There Is A Fine Line Between

  • Posted: May 27, 2010 and this post was last modified April 4, 2011.

There is always a fine line between this and that. The world is comprised of gray. We don’t always like the fact, but the fact is, some things are not as easy as right and wrong, black and white, or stop and go. So it is not always easy to say that if we do one thing, we can stop another; and if we stop one thing, we can do another. We can’t say that it’s always the bully or it’s always the victim and that if we help one, we help the other. But we want to. We want a solution to a problem that has no definitive solution.

At what point is the school responsible for the actions of a bully? At what point should they intervene? And at what point have they overstepped their boundaries? There is a line that is constituted of gray that we do not know how to walk on or along. Is it the parent’s responsibility to assure their kids are not a bully or a victim? Even if they spend less waking hours with them than do their school administrators? Yet some do not want their kids to parented by anyone else but themselves; school is for teaching–not parenting.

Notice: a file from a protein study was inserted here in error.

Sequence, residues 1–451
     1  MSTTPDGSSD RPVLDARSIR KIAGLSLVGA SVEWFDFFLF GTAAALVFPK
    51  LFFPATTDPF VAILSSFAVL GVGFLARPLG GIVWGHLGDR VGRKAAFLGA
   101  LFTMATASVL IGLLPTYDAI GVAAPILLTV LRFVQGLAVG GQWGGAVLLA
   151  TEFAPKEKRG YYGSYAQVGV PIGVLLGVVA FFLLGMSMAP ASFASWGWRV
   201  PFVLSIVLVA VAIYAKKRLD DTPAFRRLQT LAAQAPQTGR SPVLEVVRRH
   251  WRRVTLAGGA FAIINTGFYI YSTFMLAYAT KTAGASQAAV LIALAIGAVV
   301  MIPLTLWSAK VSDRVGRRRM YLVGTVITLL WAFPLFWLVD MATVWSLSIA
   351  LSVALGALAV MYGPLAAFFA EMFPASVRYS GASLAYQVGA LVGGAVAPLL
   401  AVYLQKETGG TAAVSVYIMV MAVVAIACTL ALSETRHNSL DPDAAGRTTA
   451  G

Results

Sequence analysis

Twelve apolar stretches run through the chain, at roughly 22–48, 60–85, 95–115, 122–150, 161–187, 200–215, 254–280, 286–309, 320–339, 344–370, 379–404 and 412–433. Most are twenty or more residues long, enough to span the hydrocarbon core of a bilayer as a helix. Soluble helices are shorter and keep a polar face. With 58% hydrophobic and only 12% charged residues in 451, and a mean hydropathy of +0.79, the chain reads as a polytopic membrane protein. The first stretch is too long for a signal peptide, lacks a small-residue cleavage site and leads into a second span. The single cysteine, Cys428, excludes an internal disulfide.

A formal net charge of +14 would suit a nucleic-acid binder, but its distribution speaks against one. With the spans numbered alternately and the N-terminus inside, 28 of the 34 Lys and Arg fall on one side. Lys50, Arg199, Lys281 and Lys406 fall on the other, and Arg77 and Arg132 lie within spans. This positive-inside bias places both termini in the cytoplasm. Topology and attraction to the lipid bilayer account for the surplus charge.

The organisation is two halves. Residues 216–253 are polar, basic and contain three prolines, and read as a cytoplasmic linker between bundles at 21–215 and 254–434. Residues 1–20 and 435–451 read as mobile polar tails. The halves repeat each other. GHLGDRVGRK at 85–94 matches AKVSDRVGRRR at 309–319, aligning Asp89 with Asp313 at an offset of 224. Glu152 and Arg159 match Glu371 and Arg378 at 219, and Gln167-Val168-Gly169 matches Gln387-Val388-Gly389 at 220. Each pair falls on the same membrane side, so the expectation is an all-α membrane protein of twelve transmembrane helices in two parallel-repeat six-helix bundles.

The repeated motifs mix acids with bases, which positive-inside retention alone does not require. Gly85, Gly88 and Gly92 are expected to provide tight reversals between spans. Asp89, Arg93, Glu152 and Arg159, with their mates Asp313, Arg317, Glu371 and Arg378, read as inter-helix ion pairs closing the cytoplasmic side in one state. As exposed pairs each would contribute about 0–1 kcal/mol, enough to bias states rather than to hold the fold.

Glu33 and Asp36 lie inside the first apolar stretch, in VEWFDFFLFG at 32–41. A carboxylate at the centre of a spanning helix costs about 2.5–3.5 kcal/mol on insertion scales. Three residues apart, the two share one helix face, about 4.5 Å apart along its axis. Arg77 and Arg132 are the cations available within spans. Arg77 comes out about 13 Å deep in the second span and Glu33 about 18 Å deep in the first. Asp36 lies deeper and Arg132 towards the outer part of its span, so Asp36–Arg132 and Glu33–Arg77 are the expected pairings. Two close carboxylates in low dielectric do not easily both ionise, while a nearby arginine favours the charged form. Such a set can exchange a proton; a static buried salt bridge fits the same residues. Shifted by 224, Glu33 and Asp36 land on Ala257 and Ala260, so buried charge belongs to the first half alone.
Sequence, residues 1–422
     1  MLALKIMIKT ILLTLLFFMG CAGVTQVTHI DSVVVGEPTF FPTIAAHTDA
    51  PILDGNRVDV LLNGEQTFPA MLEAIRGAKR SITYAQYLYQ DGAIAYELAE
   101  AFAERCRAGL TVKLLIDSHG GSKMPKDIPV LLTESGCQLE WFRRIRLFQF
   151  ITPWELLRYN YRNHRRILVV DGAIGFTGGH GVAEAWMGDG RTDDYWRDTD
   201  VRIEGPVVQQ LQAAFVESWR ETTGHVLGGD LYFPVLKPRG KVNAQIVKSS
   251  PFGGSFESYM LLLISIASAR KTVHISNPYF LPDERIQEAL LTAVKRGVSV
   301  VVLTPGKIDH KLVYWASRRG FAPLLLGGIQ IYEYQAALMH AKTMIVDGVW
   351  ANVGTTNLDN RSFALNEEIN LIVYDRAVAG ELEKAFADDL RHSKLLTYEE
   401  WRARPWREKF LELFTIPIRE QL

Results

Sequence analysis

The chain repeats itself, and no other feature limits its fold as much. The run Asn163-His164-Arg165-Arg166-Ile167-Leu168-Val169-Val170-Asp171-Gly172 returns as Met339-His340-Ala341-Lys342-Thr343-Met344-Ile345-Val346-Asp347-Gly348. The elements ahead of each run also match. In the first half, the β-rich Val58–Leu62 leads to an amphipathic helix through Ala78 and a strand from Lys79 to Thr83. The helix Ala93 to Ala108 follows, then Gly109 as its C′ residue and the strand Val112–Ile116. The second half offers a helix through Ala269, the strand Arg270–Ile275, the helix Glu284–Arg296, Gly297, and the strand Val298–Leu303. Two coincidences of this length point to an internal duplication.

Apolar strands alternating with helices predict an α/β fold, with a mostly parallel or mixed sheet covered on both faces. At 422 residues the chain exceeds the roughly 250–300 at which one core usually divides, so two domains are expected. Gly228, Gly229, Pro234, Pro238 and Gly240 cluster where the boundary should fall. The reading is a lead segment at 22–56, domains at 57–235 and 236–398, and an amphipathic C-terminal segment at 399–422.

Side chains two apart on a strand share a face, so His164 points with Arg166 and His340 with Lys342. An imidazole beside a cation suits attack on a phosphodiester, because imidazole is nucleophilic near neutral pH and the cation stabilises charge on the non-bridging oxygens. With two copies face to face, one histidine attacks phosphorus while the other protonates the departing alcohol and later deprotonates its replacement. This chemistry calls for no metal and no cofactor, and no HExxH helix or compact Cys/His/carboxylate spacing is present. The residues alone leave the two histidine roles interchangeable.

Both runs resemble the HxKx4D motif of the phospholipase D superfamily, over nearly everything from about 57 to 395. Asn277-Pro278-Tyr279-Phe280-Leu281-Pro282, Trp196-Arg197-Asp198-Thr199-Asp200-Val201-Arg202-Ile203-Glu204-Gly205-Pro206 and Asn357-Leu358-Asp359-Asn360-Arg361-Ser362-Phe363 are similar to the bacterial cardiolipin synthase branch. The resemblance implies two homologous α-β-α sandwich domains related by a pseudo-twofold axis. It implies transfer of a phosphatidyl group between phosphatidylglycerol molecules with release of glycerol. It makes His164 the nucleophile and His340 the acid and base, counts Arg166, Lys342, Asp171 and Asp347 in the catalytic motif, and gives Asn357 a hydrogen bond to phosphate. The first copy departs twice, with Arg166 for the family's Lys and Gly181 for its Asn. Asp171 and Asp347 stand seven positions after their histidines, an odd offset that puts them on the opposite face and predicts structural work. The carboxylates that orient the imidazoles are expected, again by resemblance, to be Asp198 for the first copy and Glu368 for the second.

There is a fine line drawn that we don’t notice until we need to assess blame.

But we can create a paradox of blame and misdirection when we attempt to deal with the issue of bullycide. The child or adult takes it upon themselves to end their life so in black and white, there is no real assailant. But how much badgering and bullying did that child or adult have to endure to get to the point where they felt that death was their only saving grace? How many people did they encounter that could have stood up for them, stopped the bully, or just plain helped them in a way they needed to be helped? But then again, was it their place to do so?

Social graces and political correctness can often help feed the fuel of misdirection. A teacher may not feel it is their place to discipline a child the way a parent should or intervene the way a parent does best. Students and coworkers all concerned about their image or place in the workplace may feel restricted in what they can do to help too.

It would be nice to see some more attention brought to bullying and bullycide. A class or presentation on stepping outside of our comfort zones or breaking social dogmas that may say we have no right to speak would be nice. We can claim free speech when we want something for ourselves, but why not use the same free speech to stand up for others?

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